Daucus carota - Queen Anne's Lace
Cinnamomum camphora

Are you suggesting that as a gardener, I plant these invasive plants? I did a quick read thru on the list, and these are the ones that jumped out at me. I have always read and been told that to bring in Native North American butterflies, one needs Native North American plants. That their host plants are going to be a native plant here, in the USA. They might get the nectar from other plants that are non native only because they don't have a readily available native plant to get it from. All the plants listed are from various other countries. The Audubon Society was cool with the listing of various invasive plants?
LindaTX8
NE Medina Co., TX
(Zone 8a)

November 7, 2006
4:58 PM

Post #2891112

Butterfly Bush is invasive? Mine doesn't seem to be here, not even a seedling anywhere. I'm a strong advocate of native plants and use lots of them, including hard-to-find natives I really have go out and personally collect seed for...or even to do plant rescues. But I don't limit myself to just natives. I grow some native plants for Black Swallowtails, for instance, but they go dormant or die off fairly early in the year and I'd have nothing for them to use without parsley and fennel other times. But truly invasive plants that escape into the wild and cause harm to the few remaining "wild" areas...well, Kudzu shouldn't be planted or encouraged anywhere.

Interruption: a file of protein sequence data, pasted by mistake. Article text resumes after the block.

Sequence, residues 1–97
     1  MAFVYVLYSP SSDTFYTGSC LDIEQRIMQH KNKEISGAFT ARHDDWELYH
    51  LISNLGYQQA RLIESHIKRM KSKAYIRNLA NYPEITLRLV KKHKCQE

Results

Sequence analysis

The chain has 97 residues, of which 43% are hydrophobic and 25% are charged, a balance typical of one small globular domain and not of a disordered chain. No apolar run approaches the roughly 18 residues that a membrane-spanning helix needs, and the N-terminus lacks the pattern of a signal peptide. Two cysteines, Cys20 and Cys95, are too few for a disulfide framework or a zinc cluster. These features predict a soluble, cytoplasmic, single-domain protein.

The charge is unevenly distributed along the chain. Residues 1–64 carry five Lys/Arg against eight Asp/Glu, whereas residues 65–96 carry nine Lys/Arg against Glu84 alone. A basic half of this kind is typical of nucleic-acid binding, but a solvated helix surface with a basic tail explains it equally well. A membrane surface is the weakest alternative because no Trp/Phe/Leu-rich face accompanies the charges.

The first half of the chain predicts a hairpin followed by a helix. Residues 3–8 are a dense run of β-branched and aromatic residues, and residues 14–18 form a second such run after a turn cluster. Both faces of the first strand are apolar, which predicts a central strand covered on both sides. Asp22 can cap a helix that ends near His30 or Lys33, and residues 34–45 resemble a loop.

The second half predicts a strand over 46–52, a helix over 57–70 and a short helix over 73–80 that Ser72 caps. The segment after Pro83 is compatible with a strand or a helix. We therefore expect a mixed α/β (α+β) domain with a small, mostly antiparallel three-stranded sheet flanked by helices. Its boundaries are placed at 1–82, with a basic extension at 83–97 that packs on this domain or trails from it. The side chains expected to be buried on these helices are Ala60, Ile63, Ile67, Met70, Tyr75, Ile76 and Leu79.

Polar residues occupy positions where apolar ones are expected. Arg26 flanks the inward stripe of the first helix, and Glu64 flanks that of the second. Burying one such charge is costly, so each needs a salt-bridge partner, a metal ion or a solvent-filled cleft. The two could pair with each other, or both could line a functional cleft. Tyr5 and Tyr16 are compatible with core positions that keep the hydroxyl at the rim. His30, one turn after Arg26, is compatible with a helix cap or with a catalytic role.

konkreteblond
Burleson, TX
(Zone 8a)

November 7, 2006
5:31 PM

Post #2891223

In Donna's defense, she didn't suggest that we do anything. She simply compiled a list of "host" plants and "favorite" nectar plants "of the South". She lists what certain species use and whether it's invasive or not is a different topic. If it is invasive in a certain area then it wouldn't be wise to plant it. But the fact remains that certain plants are considered invasive but they are the host plants. It was just a presentation of informative facts.

DonnaB
Vancleave, MS
(Zone 8b)

November 7, 2006
8:55 PM

Post #2891930

Thank you Paige. That is exactly what I did. Yes Kudzu is highly invasive and the Sate of Mississippi works to try to control it. It has been found to be a host plant by those that study these things and write books. I have never had QAL or Buddleia to be invasive. Clover is invasive but many States plants medians with it anyway. It is also a host plant. Farmers and hunters plant if for deer, turkey etc as food plots. The list goes on...
deeskitchen
San Antonio, TX

November 7, 2006
9:37 PM

Post #2892046

Thank you for the list Donna. We have a lot of these plants here in San Antonio and have a great variety of butterflies.

Dee
terryr
Bureau County, IL
(Zone 5a)

November 7, 2006
11:06 PM

Post #2892297

You are correct, this is a list.

From this site http://butterflygardeners.com/buddleia.htm


Quoting:Buddleia can behave like an opportunistic rascal. Says Dalton Durio of Louisiana Nursery, "It